Anyone hankering for a Cajun meal may soon find a new place in Keller.

Keller City Council on Sept. 5 approved a zoning change, specific use permit and a site plan for variances for a new Te’Jun the Texas Cajun restaurant.

The background

In March, council approved a bid from Te’Jun, which is a proposed 6,697 square-foot two-story restaurant with a drive through, for the purchase of city-owned property at 541 Keller Parkway, according to the council agenda. The former Keller fire station at this location was demolished in 2019, and a request for proposals was issued for the sale of the property the following year.

The location of the new restaurant would be 300 feet west of the intersection of Keller Parkway and Bourland Road. Te’Jun has locations in Red Oak and Robinson.

The restaurant features an array of seafood dishes, including shrimp, fish, crab and fried alligator, according to its website.


Because this is a Cajun restaurant, the building’s motif will reveal a distinct Bayou flavor.

“The restaurant’s concert is intended to be reminiscent of a large Louisiana-style home that includes a porch and balcony overlooking the water directly north of the property where that drainage is right now,” said Sarah Hensley, director of community development for the city.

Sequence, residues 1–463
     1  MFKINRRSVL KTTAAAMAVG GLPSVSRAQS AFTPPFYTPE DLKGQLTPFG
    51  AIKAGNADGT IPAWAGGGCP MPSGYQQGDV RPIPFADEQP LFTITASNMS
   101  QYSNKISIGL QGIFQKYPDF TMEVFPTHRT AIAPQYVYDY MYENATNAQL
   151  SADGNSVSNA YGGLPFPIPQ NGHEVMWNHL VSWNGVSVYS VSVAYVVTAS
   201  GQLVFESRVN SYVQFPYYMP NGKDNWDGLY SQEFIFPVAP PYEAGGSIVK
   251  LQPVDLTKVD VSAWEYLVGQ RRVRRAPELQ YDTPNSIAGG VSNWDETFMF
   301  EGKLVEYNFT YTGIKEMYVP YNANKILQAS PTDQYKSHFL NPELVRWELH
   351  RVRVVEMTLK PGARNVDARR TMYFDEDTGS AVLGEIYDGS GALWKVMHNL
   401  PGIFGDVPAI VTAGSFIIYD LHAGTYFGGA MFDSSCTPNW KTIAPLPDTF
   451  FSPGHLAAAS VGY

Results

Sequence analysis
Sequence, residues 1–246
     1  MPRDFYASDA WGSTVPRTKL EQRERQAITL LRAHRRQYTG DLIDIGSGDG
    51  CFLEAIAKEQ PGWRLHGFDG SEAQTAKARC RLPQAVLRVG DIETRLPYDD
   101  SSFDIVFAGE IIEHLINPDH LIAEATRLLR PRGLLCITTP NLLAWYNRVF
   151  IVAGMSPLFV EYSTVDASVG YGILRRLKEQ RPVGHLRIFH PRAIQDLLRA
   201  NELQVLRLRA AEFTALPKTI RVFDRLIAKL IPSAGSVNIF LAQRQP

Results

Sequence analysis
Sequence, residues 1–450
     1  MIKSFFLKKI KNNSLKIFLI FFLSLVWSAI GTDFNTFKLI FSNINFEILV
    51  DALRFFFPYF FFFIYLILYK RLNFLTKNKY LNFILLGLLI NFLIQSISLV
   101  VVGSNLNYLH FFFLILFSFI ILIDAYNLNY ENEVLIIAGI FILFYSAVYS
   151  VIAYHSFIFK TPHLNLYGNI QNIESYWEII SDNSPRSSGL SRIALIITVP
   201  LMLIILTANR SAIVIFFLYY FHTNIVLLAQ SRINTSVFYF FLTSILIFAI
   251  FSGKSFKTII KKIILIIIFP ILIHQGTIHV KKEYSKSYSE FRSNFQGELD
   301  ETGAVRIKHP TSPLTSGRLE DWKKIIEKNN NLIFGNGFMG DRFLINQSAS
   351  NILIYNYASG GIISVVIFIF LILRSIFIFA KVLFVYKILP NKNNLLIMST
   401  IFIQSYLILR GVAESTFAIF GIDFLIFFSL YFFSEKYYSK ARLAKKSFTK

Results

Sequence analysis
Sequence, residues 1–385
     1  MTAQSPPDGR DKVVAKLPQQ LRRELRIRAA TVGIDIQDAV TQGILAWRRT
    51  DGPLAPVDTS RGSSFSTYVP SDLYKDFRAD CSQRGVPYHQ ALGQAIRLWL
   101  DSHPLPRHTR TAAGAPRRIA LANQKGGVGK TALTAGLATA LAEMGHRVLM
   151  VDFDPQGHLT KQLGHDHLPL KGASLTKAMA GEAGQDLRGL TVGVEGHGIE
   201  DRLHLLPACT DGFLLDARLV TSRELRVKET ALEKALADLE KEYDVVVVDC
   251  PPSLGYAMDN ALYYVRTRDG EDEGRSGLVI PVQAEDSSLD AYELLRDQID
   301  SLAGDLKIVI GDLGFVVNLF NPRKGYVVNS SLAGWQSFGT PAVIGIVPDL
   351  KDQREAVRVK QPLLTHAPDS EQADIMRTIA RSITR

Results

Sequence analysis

A closer look

During a discussion about the specific use permit, Council Member Sean Hicks asked whether there would be enough parking for the size of the building for the number of people who would eat there.

Hensley said there is not enough parking for the building as the site is designed now, and that is one of the variances requested on the site plan. Parking availability is a concern for staff, she said.

“I know the applicant has had quite a few discussions with some of their surrounding neighborhoods to try to meet or get closer to their parking requirements,” she said.

The applicant is working on creating documented shared agreements with neighbors, but those plans have not been finalized yet, Hensley said. The city’s code requires 45 spaces plus two accessible spaces for the size of the restaurant proposed, and the applicant desires 37 spaces plus two accessible spaces.

Hicks said he welcomes the restaurant to town, but is worried about the parking situation because of the large-size restaurant being fit into the proposed spot, what he considers “a small piece of property.”

What else?

Council Member Tag Green also had a concern about parking and said the restaurant’s management needs to come to a written agreement with a neighboring business about parking or else “we’ve got a problem.”

Lydia Baldwin, director of marketing and co-owner of Te’Jun, said there are multiple options the restaurant could look for to address parking concerns.

Council approved the permit and the two other items in a 7-0 vote.

Te’Jun officials are still working through some floodplain issues, Hensley said, and officials have not yet closed on the sale of the property or submitted building plans.

Baldwin said in an email that the company hopes to begin construction by January and open in fall 2024.